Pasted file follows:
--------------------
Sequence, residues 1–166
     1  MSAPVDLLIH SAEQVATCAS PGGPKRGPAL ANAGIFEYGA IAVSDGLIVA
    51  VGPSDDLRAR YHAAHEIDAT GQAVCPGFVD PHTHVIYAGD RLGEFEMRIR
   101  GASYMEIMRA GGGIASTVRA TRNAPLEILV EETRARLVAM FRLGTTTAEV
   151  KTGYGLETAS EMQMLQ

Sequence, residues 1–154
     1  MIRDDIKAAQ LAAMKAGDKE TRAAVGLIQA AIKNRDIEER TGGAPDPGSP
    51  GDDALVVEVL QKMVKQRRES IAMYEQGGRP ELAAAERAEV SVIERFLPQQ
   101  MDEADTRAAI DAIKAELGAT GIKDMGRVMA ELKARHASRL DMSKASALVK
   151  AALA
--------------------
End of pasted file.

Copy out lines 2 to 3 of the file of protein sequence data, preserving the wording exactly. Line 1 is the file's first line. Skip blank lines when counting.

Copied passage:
     1  MSAPVDLLIH SAEQVATCAS PGGPKRGPAL ANAGIFEYGA IAVSDGLIVA
    51  VGPSDDLRAR YHAAHEIDAT GQAVCPGFVD PHTHVIYAGD RLGEFEMRIR